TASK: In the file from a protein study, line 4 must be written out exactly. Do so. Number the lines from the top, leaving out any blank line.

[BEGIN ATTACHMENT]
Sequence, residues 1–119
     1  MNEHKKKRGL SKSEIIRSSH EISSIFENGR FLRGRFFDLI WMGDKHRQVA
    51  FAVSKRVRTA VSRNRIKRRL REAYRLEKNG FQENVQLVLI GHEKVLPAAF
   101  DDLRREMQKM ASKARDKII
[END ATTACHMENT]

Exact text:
   101  DDLRREMQKM ASKARDKII